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Aftermath of Yemen Factory Explosion

By Reuters on Publish DateApril 1, 2015.


The Saudi intervention has deepened the turmoil of Yemen’s longstanding civil conflict. Many international aid agencies, fearing for the safety of their workers, have withdrawn. Those that remain say the air and sea blockade has prevented supplies from getting through.

The battle between Mr. Hadi’s loyalists and Houthi-allied fighters has resulted in strikes on hospitals, ambulances and civilian vehicles, according to medical workers. Human rights organizations have accused the Saudi military of bombing indiscriminately and of killing civilians as it tries to hit Houthi positions. Saudi officials have either denied the accusations or accused the Houthis of opening fire from populated areas.

At least 33 people were killed in an explosion overnight in a dairy factory near the coastal city of Al Hudaydah. Factory executives said the explosion was caused by a Saudi airstrike that may have been intended for a Houthi base less than a mile away.

The director of the city health bureau in Al Hudaydah, Abdulrahman Jarallah, said the victims were employees working the night shift at the factory, owned by Yemen Dairy and Juice Industries.

Yemen crisis: Fighting intensifies in Aden posted by 5 hours ago

  • People stand on a tank that was burnt during clashes on a street in Yemen's southern port city of Aden on 29 March 2015.
Rebel forces are reported to have continued their advance into Aden despite Saudi-led coalition airstrikes

Concern is growing over the number of casualties after heavy clashes between local militia fighters and rebel forces.

Witnesses have reported bodies lying in the street after rebel shelling and sniper attacks.

The fierce fighting has continued despite airstrikes on Houthi forces by a Saudi-led coalition.

Houthi rebels allied with troops loyal to the former President Ali Abdullah Saleh have reportedly advanced deeper into Aden to try and wrest control of the city from fighters loyal to President Abdrabbuh Mansour Hadi.

The BBC’s Security Correspondent Frank Gardner says that if reports of rebel tanks entering the centre of the southern port city are confirmed, then the rebels will have consolidated their grip on the most important parts of Yemen.

Civilian deaths

As the fighting continues, there have been increasing concern about the number of casualties.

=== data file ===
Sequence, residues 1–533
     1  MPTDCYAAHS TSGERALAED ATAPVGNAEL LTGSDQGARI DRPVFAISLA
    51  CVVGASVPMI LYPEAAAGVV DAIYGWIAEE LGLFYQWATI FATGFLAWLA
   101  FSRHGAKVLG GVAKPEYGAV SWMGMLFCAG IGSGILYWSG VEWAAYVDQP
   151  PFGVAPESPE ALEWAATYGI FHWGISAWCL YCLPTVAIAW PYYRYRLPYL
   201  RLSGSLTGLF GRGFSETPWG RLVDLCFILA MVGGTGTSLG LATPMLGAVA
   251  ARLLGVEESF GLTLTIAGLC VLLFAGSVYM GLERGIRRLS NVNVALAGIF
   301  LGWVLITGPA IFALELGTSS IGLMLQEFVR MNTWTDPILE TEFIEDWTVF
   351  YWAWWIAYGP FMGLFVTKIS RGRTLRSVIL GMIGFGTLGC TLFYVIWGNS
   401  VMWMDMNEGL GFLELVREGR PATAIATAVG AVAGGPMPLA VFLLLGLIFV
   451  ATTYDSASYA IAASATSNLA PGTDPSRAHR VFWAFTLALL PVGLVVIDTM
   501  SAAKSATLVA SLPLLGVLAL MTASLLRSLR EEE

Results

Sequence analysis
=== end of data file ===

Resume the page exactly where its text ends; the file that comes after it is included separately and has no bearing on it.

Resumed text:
A spokeswoman for the aid agency Medecins Sans Frontieres (MSF) told the BBC that its hospital in Aden had received more than 500 injured people from all sides in the conflict over the last two weeks.

“The major injuries are gunshots and since the bombs we have some people with injuries linked to explosions,” said spokeswoman Marie-Elisabeth Ingres.

A Yemeni man inspects his house damaged by an airstrike allegedly carried out by a Saudi-led coalition against a Houthi rebels' position in the central city of Yarim, Yemen, 1 April 2015.
Aid agencies have expressed concern over civilian casualties

On Wednesday, AFP news agency reported that at least 19 people had been killed, including six civilians, in clashes in the city’s Khor Maksar district.

The UN has also expressed alarm at the rising number of civilian deaths in Yemen.

On Tuesday, the high commissioner for human rights warned that the country seemed to be “on the verge of total collapse”.

Factory blast

President Hadi fled abroad last week after rebels advanced on Aden, where he had taken refuge after the Houthis took full control of the capital Sanaa in January and placed him under house arrest.

A Saudi-led coalition is attempting to help Mr Hadi in his fight against the Houthis by conducting airstrikes against the rebels and their allies.

On Wednesday, at least 35 workers were killed by a blast at a dairy factory in the Red Sea port city of Hudaydah.

Aftermath of explosion at diary factory in Hudaydah, Yemen (1 April 2015)
A fire and explosion caused parts of the factory to collapse with workers still inside

There were conflicting reports about the cause of the overnight explosion but witnesses said coalition aircraft hit warehouses belonging to the factory.

The latest violence comes as dozens of Yemenis are reported to have crossed the Gulf of Aden in small boats to get to Somalia and Djibouti to escape fighting and airstrikes on the city of Taez.

The arrival of the Yemeni refugees reverses a decades-old trend in which thousands of Somalis have sought sanctuary in Yemen to escape their own country’s violence.

The Houthis have said their aim is to replace President Hadi’s government, which they accuse of being corrupt. Their leader has refused to surrender to what he called the “unjustified aggression” by the coalition.

UN chief urges protection of civilians in Yemen

UN Secretary-General Ban Ki-moon on Tuesday called on all parties involved in military operations in Yemen to ensure the protection of civilians, a media report said on Wednesday.

Ban voiced his deep concern about reports of numerous civilian casualties resulting from ongoing military operations in Yemen, which have left dozens dead and many more injured, among them children, according to a statement issued here by his spokesperson, Xinhua reported.